Mayor Pugh Joins Partners to Revitalize Healthcare Services in West Baltimore
Friday Mar 8th, 2019
BALTIMORE, MD. — Behavioral Health System Baltimore (BHSB), along with its partners the Mayor’s Office, the Baltimore City Health Department and Coppin Heights Community Development Corporation, began renovations to the Hebrew Orphan Asylum (HOA) with a renovation launch ceremony on Friday, March 8.
When complete, the renovated building will be the permanent home to the Maryland Crisis Stabilization Center, a place for people to receive short-term crisis stabilization and sobering services for people under the influence of drugs or alcohol. When the center moves to the HOA it will be able to serve up to 35 individuals at a time. The goal is to ease the burden on the city’s emergency rooms while connecting patients to medical and social services that will aid in their recovery. The center has been operating as a pilot program at Tuerk House, a substance use treatment facility located next to the Hebrew Orphan Asylum.
“This innovative approach to treating those in the grip of addiction will give hope to them, to their loved ones and our City,” said Mayor Catherine E. Pugh. “We are delighted to partner with Behavioral Health System Baltimore, the State of Maryland Coppin Heights Community Development Corporation to transform this piece of our city’s history into a modern-day health care resource for the community. Improving the health of our communities across our communities necessitates providing a path for those held back by crippling addiction. This new Stabilization Center will do just that.”
Across the state, emergency department admissions for drug and alcohol have been steadily increasing over the past several years. In Baltimore City, there are over 16,000 visits to EDs for alcohol and/or drug related diagnoses annually with more than 50 percent of those visits by Medicaid recipients.
“The Stabilization Center provides an alternative to costly hospital services by effectively diverting people to care in the community,” said Crista M. Taylor, president and CEO of BHSB. “We are already seeing positive results for people coming through the pilot program. This innovative approach promotes recovery and resiliency, by linking people with substance use disorders to treatment and support services that will help them in their recovery. We are excited to see such an important part of our city’s history become the new home of the Stabilization Center.”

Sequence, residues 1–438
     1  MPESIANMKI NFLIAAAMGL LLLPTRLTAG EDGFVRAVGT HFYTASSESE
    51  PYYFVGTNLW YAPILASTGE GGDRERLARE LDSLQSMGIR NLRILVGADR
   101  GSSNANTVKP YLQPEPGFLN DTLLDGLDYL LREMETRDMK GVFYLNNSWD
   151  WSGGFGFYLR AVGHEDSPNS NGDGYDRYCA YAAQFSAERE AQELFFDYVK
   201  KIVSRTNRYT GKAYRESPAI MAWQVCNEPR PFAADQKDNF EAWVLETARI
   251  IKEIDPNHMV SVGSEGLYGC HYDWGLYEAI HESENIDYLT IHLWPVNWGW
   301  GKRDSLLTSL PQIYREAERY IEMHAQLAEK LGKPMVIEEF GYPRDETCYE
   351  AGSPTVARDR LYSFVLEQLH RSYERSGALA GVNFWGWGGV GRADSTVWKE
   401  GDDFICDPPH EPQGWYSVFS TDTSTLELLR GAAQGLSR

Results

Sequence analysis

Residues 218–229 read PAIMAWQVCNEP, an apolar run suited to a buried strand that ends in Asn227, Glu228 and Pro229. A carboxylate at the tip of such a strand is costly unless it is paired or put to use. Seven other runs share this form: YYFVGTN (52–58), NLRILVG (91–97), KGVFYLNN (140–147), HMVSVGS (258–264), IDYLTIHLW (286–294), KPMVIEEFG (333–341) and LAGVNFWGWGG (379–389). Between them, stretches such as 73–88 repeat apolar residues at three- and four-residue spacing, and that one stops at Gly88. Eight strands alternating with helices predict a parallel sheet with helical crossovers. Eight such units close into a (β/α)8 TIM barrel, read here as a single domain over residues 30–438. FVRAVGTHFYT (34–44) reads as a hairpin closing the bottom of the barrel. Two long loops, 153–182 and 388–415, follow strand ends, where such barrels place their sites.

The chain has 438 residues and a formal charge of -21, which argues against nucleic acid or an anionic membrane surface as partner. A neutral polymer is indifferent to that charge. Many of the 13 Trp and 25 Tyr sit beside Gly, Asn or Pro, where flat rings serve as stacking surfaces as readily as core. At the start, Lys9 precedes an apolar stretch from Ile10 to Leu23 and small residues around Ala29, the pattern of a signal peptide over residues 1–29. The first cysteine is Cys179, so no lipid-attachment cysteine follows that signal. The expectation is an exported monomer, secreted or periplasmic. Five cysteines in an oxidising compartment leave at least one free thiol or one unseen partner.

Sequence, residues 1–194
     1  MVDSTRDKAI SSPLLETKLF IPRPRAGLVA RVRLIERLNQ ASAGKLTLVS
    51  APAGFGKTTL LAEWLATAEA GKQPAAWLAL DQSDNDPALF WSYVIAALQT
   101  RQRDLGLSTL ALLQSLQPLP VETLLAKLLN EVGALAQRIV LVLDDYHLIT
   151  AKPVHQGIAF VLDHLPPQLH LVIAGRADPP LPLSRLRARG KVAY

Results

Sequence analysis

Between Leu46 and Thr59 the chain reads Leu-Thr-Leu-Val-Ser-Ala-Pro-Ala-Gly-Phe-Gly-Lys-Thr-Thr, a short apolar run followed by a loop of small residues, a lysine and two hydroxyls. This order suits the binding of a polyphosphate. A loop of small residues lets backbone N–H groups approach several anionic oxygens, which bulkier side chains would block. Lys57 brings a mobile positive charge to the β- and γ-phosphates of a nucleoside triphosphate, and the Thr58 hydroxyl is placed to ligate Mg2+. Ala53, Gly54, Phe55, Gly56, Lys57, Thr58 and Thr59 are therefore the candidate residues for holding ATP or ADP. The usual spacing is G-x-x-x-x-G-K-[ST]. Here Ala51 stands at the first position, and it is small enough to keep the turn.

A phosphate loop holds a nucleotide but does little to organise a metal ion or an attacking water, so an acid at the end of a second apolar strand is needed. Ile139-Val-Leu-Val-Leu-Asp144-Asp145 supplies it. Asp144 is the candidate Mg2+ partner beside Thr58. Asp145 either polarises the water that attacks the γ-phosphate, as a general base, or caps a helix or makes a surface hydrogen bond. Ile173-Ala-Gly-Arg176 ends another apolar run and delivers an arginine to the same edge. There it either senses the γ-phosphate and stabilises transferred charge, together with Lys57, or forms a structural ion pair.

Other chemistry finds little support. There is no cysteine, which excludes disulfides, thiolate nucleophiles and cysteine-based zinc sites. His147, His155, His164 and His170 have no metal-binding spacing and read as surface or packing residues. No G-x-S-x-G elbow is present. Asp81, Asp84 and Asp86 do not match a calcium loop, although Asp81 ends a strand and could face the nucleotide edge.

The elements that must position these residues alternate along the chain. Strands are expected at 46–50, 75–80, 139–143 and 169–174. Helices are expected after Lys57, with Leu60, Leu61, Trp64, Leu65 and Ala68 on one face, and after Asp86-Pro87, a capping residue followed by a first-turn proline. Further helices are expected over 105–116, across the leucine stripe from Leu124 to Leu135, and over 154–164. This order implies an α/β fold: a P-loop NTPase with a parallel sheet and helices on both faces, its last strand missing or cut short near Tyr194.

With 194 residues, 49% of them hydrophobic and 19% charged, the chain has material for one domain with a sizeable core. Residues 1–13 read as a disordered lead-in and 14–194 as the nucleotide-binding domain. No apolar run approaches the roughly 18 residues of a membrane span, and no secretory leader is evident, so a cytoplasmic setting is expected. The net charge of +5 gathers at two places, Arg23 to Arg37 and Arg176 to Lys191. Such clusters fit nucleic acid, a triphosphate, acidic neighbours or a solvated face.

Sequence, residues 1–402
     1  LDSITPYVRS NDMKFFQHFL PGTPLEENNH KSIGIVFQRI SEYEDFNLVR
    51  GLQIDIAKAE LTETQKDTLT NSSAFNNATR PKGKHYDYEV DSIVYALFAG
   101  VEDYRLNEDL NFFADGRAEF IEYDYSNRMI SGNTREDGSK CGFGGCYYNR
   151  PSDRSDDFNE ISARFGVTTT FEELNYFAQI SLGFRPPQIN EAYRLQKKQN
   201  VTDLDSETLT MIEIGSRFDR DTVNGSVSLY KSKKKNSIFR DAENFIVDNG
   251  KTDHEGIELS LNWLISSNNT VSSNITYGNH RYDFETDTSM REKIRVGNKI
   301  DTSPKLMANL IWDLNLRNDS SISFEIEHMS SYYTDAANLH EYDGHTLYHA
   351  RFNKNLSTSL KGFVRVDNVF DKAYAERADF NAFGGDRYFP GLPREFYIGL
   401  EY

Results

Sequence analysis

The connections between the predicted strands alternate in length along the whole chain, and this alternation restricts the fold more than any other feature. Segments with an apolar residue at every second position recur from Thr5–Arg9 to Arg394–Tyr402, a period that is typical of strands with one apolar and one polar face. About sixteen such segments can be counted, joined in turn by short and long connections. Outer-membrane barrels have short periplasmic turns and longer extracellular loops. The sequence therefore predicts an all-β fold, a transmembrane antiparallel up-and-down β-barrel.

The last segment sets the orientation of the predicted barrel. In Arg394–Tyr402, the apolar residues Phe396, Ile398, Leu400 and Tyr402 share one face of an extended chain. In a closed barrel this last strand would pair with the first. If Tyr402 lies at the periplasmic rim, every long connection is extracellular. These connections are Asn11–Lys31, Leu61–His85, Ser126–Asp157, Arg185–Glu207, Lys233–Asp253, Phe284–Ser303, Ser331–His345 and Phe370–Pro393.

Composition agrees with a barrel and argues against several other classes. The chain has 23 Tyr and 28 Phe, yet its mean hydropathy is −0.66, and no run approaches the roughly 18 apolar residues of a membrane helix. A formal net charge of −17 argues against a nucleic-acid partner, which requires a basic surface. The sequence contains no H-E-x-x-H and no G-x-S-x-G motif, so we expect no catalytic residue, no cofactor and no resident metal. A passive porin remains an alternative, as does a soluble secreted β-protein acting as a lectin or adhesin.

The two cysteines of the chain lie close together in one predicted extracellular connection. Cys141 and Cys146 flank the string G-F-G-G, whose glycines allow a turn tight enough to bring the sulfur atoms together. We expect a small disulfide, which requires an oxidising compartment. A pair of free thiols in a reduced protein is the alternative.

The Hebrew Orphan Asylum has served as an anchor in the Greater Rosemont community for more than 100 years. Originally built in 1876 as an orphanage, the building eventually became part of West Baltimore General Hospital. It has been vacant since 1876. Coppin Heights CDC and its development partners – will undertake the $17 million-dollar renovation.
The renovated building will also lease space to other medical service providers, bringing much needed medical and social services to the Greater Rosemont community. The project is scheduled to be complete in spring 2019.
"So many people in West Baltimore have a connection to this building, we knew we had to preserve it," said Dr. Gary Rodwell, executive director of Coppin Heights CDC. "For years, we've had this vision of restoring the Asylum, providing better access to medical services for the residents of Coppin Heights and improving the health and well-being of our community. We are thrilled to finally see that vision become a reality."